Ludgrove School

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Ludgrove School logo.svg
Motto Ipsa Scientia Potestas Est
(Knowledge in itself is power)
Established 1892
Type Independent preparatory boarding school
Religion Church of England
Headmaster Simon Barber
Chairman of the Governors Philip Edey QC
Founder Arthur Dunn
Location Ludgrove
RG40 3AB
Coordinates: 51°24′00″N 0°49′34″W / 51.400°N 0.826°W / 51.400; -0.826
DfE number 872/6002
Staff 50
Students 200
Gender Boys
Ages 8–13
Colours Blue and white          
Former pupils Old Ludgrovians

Ludgrove School is an independent preparatory boarding school for 200 boys, aged eight years to thirteen. It is situated in the civil parish of Wokingham Without, adjoining the town of Wokingham in the English county of Berkshire. Aside from certain cathedral schools, it is one of the few remaining single-sex full boarding preparatory schools in the country.

Founded at Cockfosters in 1892, in 1937 the school moved to its present site at Wokingham, which had previously been occupied by the former Wixenford School, closed in 1934.


Ludgrove Hall, c. 1900. The former home of Francis Bevan and subsequently the first home of Ludgrove School.
Ludgrove Hall in 2015.

The school was founded in 1892 by Arthur Dunn in north London. Dunn, a footballer, recruited a number of sportsmen to assist him as masters and was succeeded, on his premature death, by two England international football captains, G.O. Smith and William Oakley, who became joint headmasters.

Ex-pupil Alistair Horne wrote an unflattering account of his time at the school in the 1930s in which he described "humbug, snobbery and rampant, unchecked bullying" which he thought was intended to toughen the boys up.[1]

In 1937 the school was moved from Cockfosters to its present location at Wixenford, Wokingham, taking over the buildings of the former Wixenford School.[2] Alan Barber, a well known cricketer, was headmaster for many years. The school business was turned into a charitable trust in 1972, and Barber's son Gerald—together with Nichol Marston—became joint headmasters. In July 2004, Marston retired. In 2008, Ludgrove's headmasters were Sid Inglis and Gerald Barber's son Simon. In July 2013, Inglis left the school to take up a headship at Elstree School.

In 2004, Ludgrove was the victim of an arson attack which caused over £100,000 in damage to the school's athletics facilities.[3]

The school today[edit]

The school buildings include a private chapel, two science laboratories, a music school, specialist art, carpentry, pottery, information technology departments,a gymnasium and theatre. Its extensive sporting facilities include a 9-hole golf course, a swimming pool, two fives courts, two squash courts, four tennis courts, and around eleven football/rugby/hockey/cricket pitches, all set in 150 acres (0.61 km2) of school land.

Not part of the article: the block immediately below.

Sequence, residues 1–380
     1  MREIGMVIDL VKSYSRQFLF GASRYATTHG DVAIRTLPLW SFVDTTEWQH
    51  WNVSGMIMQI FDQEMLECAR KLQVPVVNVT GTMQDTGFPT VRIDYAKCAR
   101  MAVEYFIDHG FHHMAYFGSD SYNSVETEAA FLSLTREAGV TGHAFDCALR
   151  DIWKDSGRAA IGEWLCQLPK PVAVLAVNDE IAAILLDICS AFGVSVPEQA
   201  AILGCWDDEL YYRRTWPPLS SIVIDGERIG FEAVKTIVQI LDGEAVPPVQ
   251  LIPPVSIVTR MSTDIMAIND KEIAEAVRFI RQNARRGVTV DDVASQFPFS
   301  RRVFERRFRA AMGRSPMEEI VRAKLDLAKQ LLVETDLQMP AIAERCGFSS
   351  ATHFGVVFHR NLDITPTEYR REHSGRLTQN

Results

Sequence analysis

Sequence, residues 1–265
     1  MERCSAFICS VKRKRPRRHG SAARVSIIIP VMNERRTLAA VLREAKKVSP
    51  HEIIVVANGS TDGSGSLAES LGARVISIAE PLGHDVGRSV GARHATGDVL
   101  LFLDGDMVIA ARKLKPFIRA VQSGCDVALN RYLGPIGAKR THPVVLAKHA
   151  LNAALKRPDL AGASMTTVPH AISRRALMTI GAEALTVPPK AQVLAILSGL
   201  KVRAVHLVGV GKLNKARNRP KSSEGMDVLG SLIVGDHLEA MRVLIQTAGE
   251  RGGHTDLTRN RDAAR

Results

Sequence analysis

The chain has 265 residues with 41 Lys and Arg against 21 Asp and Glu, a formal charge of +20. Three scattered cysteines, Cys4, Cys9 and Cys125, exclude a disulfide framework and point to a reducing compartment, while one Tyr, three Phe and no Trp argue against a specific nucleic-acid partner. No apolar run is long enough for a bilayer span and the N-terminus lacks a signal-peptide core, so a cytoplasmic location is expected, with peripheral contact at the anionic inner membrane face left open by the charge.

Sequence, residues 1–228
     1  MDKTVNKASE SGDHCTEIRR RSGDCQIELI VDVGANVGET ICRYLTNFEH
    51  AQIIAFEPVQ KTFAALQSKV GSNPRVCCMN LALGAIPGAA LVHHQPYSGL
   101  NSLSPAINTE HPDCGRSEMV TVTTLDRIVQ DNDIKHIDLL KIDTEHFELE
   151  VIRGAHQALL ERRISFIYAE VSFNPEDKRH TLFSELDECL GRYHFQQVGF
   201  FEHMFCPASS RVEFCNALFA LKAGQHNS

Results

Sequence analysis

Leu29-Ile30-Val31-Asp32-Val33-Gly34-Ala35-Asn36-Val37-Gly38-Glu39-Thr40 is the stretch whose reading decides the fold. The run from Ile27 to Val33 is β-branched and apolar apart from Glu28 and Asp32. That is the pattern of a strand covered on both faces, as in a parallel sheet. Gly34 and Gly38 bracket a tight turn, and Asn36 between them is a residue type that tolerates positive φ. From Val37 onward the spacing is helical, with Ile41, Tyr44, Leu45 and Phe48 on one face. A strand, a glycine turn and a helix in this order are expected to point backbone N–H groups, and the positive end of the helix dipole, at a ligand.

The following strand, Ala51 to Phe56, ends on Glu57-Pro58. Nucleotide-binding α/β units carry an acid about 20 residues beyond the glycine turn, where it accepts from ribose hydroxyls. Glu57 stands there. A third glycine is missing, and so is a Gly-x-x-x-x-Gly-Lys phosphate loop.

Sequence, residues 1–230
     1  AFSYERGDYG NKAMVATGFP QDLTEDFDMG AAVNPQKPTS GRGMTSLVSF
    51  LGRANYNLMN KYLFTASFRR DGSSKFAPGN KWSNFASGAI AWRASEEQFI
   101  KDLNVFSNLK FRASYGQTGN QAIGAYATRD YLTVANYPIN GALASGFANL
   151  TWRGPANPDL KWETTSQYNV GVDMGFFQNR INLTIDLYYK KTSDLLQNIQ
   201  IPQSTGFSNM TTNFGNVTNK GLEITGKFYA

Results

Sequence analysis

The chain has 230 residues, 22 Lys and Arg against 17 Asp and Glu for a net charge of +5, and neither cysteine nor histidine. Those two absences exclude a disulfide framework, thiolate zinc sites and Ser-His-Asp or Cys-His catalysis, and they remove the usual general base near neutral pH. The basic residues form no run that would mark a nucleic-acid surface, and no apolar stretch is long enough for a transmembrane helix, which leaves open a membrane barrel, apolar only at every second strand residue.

The fees are £8,300 per term.[4] The average class size varies and reduces to around thirteen students as the boys get older. Most of the boys move on to independent schools such as Radley College, Eton College and Harrow School.[5]

Notable Old Ludgrovians[edit]

Notable masters[edit]

Further reading[edit]

  • Richard Barber. The Story of Ludgrove. Guidon Publishing, 2004, pp304. ISBN 0-9543617-2-5


  1. ^ Horne, Alistair (2012). A bundle from Britain. Macmillan. p. 85. ISBN 978-1-4472-3177-6. 
  2. ^ Donald P. Leinster-Mackay, The Rise of the English Prep School (1984), p. 154
  3. ^ "Ludgrove school faces [pounds sterling]100,000 bill after arson attack.". The Evening Standard (London). 14 June 2004. Retrieved 9 August 2011. Ludgrove school, alma mater of Princes William and Harry, was the subject of a devastating arson attack on Friday night when its [pounds sterling]100,000 cricket pavilion was destroyed and [pounds sterling]10,000 worth of equipment went up in flames ... It seems that embittered locals in Berkshire are responsible for the fire at the 130-year-old pavilion. 
  4. ^
  5. ^ "Ludgrove". Tatler (Conde Nast). 2011. Retrieved 9 August 2011. All schools peddle that ‘one big, happy family’ cliché, but it really does hold true here: Ludgrove turns out well-rounded boys, threequarters of whom bounce on to Eton, Harrow and Radley 
  6. ^ "Yugo-Slavian Boy Prince", The Citizen (Gloucester), 9 May 1935, p. 8. British Newspaper Archive. Retrieved 11 January 2016. (subscription required)
  7. ^ "The Duke of Cambridge". biographic sketch. The British Monarchy (UK government). 2011. Retrieved 9 August 2011. Prince William is the elder son of The Prince of Wales and Diana, Princess of Wales ... From September 1990, The Prince attended Ludgrove School in Berkshire, for five years until 5 July 1995. 
  8. ^ "Prince Harry". biographic sketch. The British Monarchy (UK government). 2011. Retrieved 9 August 2011. In 1989 Prince Harry joined Prince William at Wetherby School, moving to Ludgrove School in Berkshire in September 1992. 
  9. ^ "The Peter Ainsworth MP in British Socialists Party Directory". biographic sketch. UK Political Parties Directory. Retrieved 10 August 2011. Peter Michael Ainsworth was born in 1956. He was educated at Ludgrove, Wokingham; Bradfield College, Berkshire, and Lincoln College ... 
  10. ^ "Peter Ainsworth: Electoral History and Profile". The Guardian. Retrieved 10 August 2011. School: Ludgrove, Wokingham 
  11. ^ Introduction Words as Weapons ISBN 0-86091-527-1
  12. ^ Obituary of Nick Pretzlik by Robin Allen in The Guardian newspaper, London, August 19, 2004 (accessed 1 November 2007)

External links[edit]